Page:The Folk-Lore Journal Volume 7 1889.djvu/268

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   “The first day of Christmas my true love sent to me:
 (i.) The sprig of a juniper tree.
   The second day of Christmas, &c.
  (ii.) Two turtledoves (and No. 1).
   The third day, &c.
 (iii.) Three French hens (and Nos. 2 and 1).
   The fourth day, &c.
  (iv.) Four coloured birds (and Nos. 3 to 1).
   The fifth day, &c.
 (v.) Five gold rings (and Nos. 4 to 1).
   The sixth day, &c.
  (vi.) Six geese a-laying (and Nos. 5 to 1).
   The seventh day, &c.
 (vii.) Seven swans a-swimming (and Nos. 6 to 1).
   The eighth day, &c.
(viii.) Eight hares a-running (and Nos. 7 to 1).
   The ninth day, &c.
  (ix.) Nine bulls a-roaring (and Nos. 8 to 1).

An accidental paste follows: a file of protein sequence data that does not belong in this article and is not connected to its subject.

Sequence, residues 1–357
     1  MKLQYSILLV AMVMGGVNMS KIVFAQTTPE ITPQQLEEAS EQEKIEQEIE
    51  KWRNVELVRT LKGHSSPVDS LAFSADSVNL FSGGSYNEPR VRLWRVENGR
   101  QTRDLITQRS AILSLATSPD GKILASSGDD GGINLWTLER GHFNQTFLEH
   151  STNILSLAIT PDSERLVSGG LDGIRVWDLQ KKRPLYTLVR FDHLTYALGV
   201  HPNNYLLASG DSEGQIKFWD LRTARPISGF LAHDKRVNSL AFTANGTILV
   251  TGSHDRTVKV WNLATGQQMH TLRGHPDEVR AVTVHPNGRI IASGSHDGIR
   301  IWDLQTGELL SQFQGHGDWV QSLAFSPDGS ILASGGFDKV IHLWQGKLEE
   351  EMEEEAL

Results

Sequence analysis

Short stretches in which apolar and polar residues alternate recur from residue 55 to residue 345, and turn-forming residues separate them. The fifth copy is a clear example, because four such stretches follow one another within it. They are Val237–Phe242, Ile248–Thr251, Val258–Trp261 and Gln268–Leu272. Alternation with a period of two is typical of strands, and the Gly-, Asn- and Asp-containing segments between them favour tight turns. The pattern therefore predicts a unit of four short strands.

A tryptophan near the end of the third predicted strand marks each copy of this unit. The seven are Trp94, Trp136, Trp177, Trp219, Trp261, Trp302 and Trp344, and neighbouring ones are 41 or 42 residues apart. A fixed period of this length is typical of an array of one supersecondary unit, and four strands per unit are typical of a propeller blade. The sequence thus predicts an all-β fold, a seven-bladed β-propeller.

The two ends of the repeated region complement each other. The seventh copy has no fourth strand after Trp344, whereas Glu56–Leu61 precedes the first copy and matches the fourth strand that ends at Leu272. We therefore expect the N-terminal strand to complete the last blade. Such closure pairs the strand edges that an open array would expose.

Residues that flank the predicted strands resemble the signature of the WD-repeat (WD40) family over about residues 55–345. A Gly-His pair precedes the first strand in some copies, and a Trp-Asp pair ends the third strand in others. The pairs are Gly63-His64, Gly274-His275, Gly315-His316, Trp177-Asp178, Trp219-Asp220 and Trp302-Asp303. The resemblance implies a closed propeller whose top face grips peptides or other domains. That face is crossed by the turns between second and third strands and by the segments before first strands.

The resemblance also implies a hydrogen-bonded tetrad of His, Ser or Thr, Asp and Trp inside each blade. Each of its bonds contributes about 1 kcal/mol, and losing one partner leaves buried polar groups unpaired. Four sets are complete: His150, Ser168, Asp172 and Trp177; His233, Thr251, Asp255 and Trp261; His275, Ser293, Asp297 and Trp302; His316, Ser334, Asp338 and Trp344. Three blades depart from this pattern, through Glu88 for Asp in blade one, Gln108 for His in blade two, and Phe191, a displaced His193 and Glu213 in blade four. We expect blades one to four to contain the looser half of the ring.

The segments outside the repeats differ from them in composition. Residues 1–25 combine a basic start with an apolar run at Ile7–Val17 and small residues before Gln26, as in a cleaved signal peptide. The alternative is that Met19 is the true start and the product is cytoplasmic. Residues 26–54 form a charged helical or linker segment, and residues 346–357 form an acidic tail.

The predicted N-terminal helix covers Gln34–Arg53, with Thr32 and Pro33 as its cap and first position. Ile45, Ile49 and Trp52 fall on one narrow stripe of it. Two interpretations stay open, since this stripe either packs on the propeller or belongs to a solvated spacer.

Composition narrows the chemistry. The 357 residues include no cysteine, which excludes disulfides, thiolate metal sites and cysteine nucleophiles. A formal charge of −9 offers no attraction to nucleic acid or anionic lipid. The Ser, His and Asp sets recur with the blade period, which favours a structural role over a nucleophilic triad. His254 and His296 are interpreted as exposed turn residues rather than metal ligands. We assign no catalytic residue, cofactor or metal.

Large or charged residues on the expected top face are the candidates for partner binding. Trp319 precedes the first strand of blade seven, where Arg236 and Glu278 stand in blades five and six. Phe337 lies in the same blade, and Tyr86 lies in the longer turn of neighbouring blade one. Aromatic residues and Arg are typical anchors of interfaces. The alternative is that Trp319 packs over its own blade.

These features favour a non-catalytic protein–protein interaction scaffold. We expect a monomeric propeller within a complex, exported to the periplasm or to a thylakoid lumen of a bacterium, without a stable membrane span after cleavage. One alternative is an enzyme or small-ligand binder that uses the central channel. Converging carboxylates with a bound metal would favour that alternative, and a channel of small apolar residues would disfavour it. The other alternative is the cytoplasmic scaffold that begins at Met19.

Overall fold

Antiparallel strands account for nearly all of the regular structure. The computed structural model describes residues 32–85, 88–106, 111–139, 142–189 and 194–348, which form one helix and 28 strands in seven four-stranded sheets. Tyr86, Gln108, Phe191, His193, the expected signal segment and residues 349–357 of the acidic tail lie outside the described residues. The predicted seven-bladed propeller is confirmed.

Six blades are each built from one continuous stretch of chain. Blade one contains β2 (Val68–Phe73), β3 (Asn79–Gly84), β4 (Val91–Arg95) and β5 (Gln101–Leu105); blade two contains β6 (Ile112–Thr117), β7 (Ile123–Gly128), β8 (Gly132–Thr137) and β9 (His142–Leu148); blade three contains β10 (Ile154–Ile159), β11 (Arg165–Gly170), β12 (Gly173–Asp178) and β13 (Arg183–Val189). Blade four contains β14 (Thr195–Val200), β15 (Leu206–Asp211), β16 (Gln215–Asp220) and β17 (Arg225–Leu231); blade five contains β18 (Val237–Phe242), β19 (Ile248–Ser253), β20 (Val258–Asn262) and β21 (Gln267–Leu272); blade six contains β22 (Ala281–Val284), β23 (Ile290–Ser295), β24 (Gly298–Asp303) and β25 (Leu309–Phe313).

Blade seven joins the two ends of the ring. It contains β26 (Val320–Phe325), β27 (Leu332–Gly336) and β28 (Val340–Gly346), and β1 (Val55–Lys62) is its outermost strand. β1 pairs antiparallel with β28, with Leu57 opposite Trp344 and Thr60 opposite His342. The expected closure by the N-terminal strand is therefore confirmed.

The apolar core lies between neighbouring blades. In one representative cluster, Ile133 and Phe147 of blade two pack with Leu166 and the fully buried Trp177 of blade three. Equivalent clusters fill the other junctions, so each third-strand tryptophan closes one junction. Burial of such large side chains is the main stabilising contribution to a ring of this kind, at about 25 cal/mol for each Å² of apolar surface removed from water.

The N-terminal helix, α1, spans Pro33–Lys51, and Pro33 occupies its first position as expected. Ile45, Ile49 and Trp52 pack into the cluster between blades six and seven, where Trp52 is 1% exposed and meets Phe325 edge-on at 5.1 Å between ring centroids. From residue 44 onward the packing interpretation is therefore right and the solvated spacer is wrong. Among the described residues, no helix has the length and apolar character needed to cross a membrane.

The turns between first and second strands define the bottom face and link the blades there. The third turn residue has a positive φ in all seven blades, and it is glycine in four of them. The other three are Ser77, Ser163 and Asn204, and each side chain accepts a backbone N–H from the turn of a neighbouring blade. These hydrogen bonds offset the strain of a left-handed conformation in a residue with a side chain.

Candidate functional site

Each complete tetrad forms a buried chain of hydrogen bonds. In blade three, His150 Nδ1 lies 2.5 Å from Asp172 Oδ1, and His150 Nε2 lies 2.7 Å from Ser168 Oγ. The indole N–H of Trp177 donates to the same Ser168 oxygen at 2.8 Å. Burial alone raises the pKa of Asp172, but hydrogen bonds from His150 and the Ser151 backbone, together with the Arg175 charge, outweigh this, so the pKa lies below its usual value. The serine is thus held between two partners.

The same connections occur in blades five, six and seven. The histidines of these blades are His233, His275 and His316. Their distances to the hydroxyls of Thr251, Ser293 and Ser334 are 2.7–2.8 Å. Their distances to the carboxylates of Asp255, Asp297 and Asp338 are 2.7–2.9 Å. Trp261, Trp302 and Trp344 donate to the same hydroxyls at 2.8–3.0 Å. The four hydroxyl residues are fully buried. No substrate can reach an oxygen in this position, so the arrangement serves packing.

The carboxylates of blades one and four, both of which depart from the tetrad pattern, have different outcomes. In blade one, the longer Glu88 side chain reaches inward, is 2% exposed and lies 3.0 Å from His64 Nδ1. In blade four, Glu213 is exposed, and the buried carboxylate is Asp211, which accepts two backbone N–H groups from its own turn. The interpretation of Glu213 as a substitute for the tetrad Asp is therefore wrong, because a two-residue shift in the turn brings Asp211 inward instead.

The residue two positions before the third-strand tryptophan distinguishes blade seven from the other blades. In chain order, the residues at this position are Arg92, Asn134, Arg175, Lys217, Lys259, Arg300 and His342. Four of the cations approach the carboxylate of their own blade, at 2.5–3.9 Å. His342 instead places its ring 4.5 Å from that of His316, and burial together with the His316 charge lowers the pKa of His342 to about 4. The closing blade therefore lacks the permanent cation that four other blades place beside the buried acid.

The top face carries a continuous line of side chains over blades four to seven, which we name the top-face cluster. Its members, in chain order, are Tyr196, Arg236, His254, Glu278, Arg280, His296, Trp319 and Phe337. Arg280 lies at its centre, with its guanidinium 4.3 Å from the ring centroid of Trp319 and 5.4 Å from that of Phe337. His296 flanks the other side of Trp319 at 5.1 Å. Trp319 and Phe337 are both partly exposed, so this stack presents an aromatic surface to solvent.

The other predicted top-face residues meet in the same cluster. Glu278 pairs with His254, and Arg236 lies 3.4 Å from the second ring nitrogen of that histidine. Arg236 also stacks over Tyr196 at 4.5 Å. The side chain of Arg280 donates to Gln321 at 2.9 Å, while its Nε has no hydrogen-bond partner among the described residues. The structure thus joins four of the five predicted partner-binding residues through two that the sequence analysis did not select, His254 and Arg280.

The tenth day, &c.
 (x.) Ten men a-mowing (and Nos. 9 to 1).
   The eleventh day, &c.
  (xi.) Eleven dancers a-dancing (and Nos. 10 to 1).
   The twelfth day, &c.
   Twelve fiddlers a-fiddling.
   Eleven dancers a-dancing.
   Ten men a-mowing.
   Nine bulls a-roaring.
   Eight hares a-running.
   Seven swans a-swimming.
   Six geese a-laying.
   Five gold rings.
   Four coloured birds.
   Three French hens.
   Two turtledoves.
   And the sprig of a juniper tree.”[1]

The last should be said all in one breath.

A version of the following lines was claimed by Mr. G. C. Boase in Notes and Queries (6th Series, xii. 484) as being a carol sung in East Cornwall at Christmastide. Miss E. H. Busk, however (Notes and Queries, 7th Series, i. 96), mentioned that she had heard an almost identical one sung in Wiltshire at harvest-time, and I myself showed (i. 315), that it was also sung by children in Dorset in their games.

  1. Conf. a variant in Halliwell’s Nursery Rhymes (ed. 1846), No. ccl.